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This article is written by Advocate Nikita Pandit who is pursuing a Certificate Course in Advanced Civil Litigation: Practice, Procedure and Drafting from LawSikho.

Introduction

Women’s position in society

In the earlier days, the society was dominated by the male population and their ideologies. Even today we can see considerable glimpses of patriarchy prevailing in the society. The marriage ends up in women leaving their maternal homes, they take up the surnames of their husband, their children take the surnames of the father, in several households the women are prohibited from working and making their own living and in some places society does not even let them have their own opinion. Several years have witnessed the domestic violence, dowry deaths, female feticide and infanticide and banishment from the estate of the father as the behavior meted out to women. The distribution and rights to the property was not less barbaric before the codification of the Hindu Personal Laws.

It was based on the Vedic knowledge and other ancient texts such as that of “Manu”. The main aim of this article is to understand the Gender-based discrimination that has been prevalent in Property rights and the rights of inheritance. There has been considerable evolution of law of property to incorporate women on equal footing with men. But are the provisions enough with the changing times?

Before Codification

  • Women were controlled by the father and other male members of the family before the marriage and by the husband after the marriage.
  • Due to this, women could neither hold the property in her own capacity, nor inherit it as her brothers would.
  • Male were the only ones considered as legal heirs in the lineage of inheritance.
  • No equal rights to property were given to men and women. 
  • The laws of succession were based on customs of different schools of thought such as Mitakshara and Dayabhaga.
  • Mitakshara school of thought prevailing in India in areas other than Bangal and Assam recognized the property rights in the joint family only of the male lineage of 3 generations and the son, on his birth itself acquired the right in the ancestral property and thus was a co-parcener from the birth.
  • In Dayabhaga School, the father had the right and full control over the property till his death. However, after his death, only the sons had the rights over his property and not the daughters.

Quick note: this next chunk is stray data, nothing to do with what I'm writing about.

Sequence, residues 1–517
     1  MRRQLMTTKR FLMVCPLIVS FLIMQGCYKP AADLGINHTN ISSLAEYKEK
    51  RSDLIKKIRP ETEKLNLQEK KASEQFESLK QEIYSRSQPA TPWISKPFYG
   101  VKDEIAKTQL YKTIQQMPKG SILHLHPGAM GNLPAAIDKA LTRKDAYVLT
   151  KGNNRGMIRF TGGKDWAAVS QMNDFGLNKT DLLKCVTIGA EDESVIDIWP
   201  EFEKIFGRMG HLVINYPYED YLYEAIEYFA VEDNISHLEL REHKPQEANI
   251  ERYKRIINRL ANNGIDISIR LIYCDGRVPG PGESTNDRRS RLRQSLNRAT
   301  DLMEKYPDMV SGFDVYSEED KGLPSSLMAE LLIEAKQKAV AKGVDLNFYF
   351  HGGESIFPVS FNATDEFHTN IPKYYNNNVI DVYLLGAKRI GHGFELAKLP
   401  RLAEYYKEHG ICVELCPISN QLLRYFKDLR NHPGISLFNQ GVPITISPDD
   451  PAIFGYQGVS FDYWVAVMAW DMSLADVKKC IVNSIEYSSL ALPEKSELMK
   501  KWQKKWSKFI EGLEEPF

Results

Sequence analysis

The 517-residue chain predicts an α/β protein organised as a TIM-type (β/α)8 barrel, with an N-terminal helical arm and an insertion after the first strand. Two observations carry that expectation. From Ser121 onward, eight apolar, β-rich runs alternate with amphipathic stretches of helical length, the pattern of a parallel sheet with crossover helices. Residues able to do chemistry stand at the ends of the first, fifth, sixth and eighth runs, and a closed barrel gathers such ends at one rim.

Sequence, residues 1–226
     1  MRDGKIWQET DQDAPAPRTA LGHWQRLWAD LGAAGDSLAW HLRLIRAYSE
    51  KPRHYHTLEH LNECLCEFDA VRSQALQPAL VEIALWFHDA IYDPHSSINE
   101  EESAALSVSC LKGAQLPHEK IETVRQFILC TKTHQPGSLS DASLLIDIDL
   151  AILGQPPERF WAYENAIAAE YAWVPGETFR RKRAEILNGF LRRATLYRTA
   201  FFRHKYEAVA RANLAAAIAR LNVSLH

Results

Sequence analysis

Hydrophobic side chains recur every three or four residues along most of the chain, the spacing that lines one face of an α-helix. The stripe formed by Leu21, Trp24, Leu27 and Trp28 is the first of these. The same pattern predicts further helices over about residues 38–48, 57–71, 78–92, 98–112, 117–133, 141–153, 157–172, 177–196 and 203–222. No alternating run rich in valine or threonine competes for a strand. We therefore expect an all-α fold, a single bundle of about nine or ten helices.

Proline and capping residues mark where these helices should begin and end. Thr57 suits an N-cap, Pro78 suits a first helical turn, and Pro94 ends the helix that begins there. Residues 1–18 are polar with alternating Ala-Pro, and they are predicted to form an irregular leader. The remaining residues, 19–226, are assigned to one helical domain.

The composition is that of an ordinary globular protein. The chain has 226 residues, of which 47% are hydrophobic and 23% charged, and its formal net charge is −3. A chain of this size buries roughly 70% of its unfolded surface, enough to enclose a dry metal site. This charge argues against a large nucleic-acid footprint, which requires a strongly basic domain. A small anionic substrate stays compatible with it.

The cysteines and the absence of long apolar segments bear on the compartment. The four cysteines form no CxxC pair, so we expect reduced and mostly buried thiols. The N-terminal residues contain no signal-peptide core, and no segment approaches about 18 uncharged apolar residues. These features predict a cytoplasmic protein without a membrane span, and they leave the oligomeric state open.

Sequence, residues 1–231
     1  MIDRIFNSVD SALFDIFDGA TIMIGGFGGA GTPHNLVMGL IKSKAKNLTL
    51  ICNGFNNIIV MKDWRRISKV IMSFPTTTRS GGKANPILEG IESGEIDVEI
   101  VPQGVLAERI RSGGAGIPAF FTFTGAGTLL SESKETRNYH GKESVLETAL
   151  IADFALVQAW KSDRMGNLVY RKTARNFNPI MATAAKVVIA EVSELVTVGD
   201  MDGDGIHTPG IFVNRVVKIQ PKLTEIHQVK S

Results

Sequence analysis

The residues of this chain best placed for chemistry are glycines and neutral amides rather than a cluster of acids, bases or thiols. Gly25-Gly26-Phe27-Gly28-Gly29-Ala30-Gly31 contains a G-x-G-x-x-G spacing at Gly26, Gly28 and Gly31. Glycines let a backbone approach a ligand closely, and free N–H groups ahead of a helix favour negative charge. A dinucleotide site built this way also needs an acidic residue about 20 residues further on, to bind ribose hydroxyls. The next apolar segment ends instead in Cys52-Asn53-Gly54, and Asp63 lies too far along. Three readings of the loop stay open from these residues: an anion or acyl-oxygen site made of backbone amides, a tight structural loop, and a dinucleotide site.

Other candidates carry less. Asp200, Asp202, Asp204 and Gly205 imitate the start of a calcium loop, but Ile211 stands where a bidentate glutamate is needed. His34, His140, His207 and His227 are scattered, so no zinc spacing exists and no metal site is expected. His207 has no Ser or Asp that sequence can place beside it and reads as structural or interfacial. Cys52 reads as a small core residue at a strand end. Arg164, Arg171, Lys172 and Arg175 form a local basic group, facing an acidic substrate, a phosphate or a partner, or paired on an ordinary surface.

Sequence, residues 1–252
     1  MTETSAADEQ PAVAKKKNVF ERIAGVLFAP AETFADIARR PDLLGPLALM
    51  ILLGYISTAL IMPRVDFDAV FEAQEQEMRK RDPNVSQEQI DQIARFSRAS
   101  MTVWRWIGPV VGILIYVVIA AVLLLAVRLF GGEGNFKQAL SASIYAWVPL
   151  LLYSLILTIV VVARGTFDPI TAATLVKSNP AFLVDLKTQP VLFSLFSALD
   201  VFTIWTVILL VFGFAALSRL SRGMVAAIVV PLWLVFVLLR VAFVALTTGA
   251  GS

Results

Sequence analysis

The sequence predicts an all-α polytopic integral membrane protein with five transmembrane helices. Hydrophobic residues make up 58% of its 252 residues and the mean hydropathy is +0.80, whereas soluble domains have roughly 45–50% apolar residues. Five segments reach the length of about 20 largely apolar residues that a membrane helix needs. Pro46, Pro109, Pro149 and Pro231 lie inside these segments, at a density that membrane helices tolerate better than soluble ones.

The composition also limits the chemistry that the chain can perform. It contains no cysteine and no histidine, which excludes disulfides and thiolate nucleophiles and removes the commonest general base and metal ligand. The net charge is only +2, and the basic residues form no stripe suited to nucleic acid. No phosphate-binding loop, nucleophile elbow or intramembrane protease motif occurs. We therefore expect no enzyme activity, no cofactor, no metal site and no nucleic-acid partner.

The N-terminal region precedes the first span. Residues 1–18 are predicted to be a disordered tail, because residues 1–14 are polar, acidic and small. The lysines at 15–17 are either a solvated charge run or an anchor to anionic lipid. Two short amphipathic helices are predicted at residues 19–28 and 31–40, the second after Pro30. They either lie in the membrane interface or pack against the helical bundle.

• In Mitakshara School, therefore, the male descendants of 3 generations could therefore challenge the disposal of the property by the father or grandfather, however in Dayabhaga School, as the right only accrued on death of the father, the same couldn’t be challenged.
  • Whatsoever, the women hardly had any right over the property, whether joint property or separate property of the father.
  • Mitakshara School did not allow the women to ask for the partition of the property, but only get an interest in the property by demanding it for her sons. In Dayabhaga, the partition itself is not possible in the livelihood of the father.
  • Women were left destitute in case of the death of the fathers and the husbands as they could not hold or own any property of their own. They could only get maintenance out of it.
  • Women however were the owners of the movables like jewelry and ornaments and could also get the property if it was gifted to them by their husbands, father, mother, etc. out of affection. Husband had no right on this property of the wife except in emergencies. This was called Stridhan. 

Codification

A revolutionary thought evolved in the society and a need for checking and rectifying the custom-based discriminatory laws was felt as the Western culture had a significant impression on the people in India. Women started demanding their rights based on equality and recognition. 

The Hindu Women Rights to Property Act, 1937

This act was passed in the pre-independence period. It was passed with an intention to improvise the rights given to women in the property. In this act, the provisions were meant to override the prevailing customs and Hindu widows were given a right in the property of her husband in equal division with the son/s. Also, apart from Dayabhaga School, the other widows were given a right to the widows of the deceased husbands to ask for the share that her husband could have received if he was alive. She could also ask for partition in such a case. 

Hindu Succession Act, 1956